We live in a world that faces huge challenges due to climate change, natural disasters and with the majority of the world’s population struggling to get enough resources to survive. Yet a much bigger priority for many governments is promoting their arms sales or buying arms. In times of recession selling arms becomes a greater priority and it can be argued that acquiring resources, in particular oil, has been a major reason for starting conflicts.

The arms trade is the main beneficiary of this. At a time when the world economy is stagnating, arms shares are rising rapidly with shares of the top 12 publicly listed firms – based on a list by the Stockholm International Peace Research Institute – rising by almost 30 per cent on average in the last year.

Stock price data on the 12 companies reveal most have benefitted in a year in which the number of conflict zones in Europe, the Middle East and Africa has risen. 2011 saw a massive rise in sales by the US and the UK to Saudi Arabia who in turn where arming ISIS.

Through our investments and pension funds we can unwittingly also be beneficiaries. For instance, our very own North East Pension fund for Aberdeen and Aberdeenshire invests in the Arms trade. The end of the cold war led to a decline in arms sales but new enemies were soon found to allow business to continue as usual. New arms technologies such as drones and security technology open up new markets

The 5 UN Security Council permanent members are generally the largest arms dealers (though others such as Germany and Italy often feature quite high and Israel is rapidly expanding its exports with its expertise in drone warfare and surveillance

World’s largest arms exporters

The units in this table are so-called trend indicator values expressed in millions of U.S. dollars at 1990s prices. These values do not represent real financial flows but are a crude instrument to estimate volumes of arms transfers, regardless of the contracted prices, which can be as low as zero in the case of military aid. Ordered by descending 2013 values. The information is from the Stockholm International Peace Research Institute.

2013 rank Supplier Arms exports
1  Russia 8283
2  United States 6153
3  China 1837
4  France 1489
5  United Kingdom 1394
6  Germany 972
7  Italy 807
8  Israel 773
9  Spain 605
10  Ukraine 589
11  Sweden 505
12  Belarus 338
13  South Korea 307
14  Netherlands 302
15   Switzerland 205


Global Spending on Arms

List by the Stockholm International Peace Research Institute (2013)[1]
Rank Country Spending ($ bn.) % of GDP World share (%)
World total 1747.0 2.4 100
1 United States 640.0 3.8 36.6
2 People’s Republic of China[a] 188.0 2.0 10.8
3 Russia[a] 87.8 4.1 5.0
4 Saudi Arabia[b] 67.0 9.3 3.8
5 France 61.2 2.2 3.5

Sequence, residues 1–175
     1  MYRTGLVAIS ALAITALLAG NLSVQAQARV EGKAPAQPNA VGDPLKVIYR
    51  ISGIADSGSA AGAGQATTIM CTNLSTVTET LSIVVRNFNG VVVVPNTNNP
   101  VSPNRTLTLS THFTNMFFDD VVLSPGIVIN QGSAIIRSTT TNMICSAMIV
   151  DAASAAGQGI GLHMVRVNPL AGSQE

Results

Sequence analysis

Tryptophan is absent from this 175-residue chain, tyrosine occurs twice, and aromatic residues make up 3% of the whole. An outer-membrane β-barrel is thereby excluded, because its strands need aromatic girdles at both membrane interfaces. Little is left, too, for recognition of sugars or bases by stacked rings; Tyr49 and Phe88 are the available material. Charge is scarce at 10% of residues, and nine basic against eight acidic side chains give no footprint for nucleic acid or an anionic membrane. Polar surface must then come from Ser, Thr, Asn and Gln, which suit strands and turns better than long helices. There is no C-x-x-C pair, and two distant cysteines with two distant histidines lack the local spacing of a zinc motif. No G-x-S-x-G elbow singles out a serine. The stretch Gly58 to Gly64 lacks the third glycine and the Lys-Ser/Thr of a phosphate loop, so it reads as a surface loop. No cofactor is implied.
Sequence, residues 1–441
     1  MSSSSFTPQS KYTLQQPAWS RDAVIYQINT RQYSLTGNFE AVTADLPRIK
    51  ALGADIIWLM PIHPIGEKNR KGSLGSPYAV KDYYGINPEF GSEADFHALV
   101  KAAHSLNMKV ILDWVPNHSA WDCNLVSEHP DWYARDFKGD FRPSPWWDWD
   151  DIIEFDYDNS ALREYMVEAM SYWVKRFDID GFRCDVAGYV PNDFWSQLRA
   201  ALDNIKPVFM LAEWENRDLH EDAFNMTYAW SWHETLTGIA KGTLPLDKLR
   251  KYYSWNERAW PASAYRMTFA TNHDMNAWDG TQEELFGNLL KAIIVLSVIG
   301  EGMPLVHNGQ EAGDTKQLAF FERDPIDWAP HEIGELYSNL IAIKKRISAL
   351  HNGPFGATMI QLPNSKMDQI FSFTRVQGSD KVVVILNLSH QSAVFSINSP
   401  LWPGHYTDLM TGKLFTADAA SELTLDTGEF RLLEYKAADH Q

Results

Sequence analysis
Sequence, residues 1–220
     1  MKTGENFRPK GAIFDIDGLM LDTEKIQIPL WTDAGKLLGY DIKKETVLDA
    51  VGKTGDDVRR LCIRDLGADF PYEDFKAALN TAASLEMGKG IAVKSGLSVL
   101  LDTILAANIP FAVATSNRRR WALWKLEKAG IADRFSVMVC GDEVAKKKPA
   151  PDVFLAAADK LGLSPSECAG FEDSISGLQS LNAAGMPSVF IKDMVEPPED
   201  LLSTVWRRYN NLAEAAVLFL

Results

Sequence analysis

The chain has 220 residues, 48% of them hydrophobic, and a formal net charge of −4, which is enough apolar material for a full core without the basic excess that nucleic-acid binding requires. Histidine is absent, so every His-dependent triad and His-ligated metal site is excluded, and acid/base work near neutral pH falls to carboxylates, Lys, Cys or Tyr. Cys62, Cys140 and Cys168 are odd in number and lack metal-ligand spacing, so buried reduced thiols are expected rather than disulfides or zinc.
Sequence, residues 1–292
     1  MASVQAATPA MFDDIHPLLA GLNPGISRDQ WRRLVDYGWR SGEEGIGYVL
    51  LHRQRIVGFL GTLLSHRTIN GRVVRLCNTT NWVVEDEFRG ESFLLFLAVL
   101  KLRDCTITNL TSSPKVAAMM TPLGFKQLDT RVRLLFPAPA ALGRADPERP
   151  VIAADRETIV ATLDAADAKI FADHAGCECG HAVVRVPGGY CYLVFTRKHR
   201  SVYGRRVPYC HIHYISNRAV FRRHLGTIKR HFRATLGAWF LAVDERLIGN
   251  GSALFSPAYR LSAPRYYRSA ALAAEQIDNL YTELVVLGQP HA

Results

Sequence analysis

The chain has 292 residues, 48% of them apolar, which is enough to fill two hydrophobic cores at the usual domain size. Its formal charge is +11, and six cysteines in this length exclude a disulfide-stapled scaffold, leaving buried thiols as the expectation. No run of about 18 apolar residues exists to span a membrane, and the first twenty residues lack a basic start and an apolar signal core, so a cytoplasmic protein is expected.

6 United Kingdom 57.9 2.3 3.3
7 Germany[a] 48.8 1.4 2.8
8 Japan 48.6 1.0 2.8
9 India 47.4 2.5 2.7
10 South Korea 33.9 2.8 1.9
11 Italy[a] 32.7 1.6 1.9
12 Brazil 31.5 1.4 1.8
13 Australia 24.0 1.6 1.4
14 Turkey 19.1 2.3 1.1
15 United Arab Emirates 19.0 4.7 1.1

China has increased its spending on arms by 12.2% this year. A major reason for this is Obamas strategic decision to move the majority of the US military complex to Asia Pacific. This was done to try and contain China’s rising power and has inevitably led to the beginnings of an arms race similar to the one that took place in the cold war between the Soviet Union and the US and its allies.

India and Japan are also rapidly increasing arms spending which in turn ratchets up the amount of arms spending by China. Who benefits most from this is the arms trade.

The arms industry is not an industry like any other its products aim to maim or kill human beings or destroy infrastructure. A buy product of the later is also killing and maiming human beings. War has changed dramatically since the beginning of the 20th Century when only 5% of casualties were civilians now 90% of people killed are civilians.

The aim increasingly with the use of drones etc is to limit to a minimum casualties from the country which is firing the weapon. War is a major contributor to instability and poverty. Of the 30 least developed countries in the world half have been involved in conflicts. The Lancet estimated from household data that 654,965 Iraqis died as a direct effect of the conflict from 2003-2006 and of course there have been daily killings since then.

The UN has estimated that 93,000 people have been killed in the Syrian conflict. Trade and food production are badly effected and countries are left with lack of power supplies. Shortages always lead to corruption and joining militias can become a way of surviving.

On top of this many people are displaced from their own countries living at best in refugee camps. This puts huge burdens on surrounding countries and money that could be spent on helping refugees is rather spent on more weapons.

Vietnam, where over two million deaths took place, is still recovering from the use of ancient orange and napalm. Mines laid and left behind in conflicts have been another source of human tragedy. In more recent conflicts in Afghanistan, Iraq and Libya depleted uranium has been used in bombs and this has led to horrific birth defects.

 Every year, the US Congressional Research service releases an  report looking at arms sales transfers to the developing word.

The report released on August 24th 2012 entitled ‘Conventional Arms Transfers to Developing Nations 2004-2011′ known as the Grimmett report after its author Richard F Grimmett.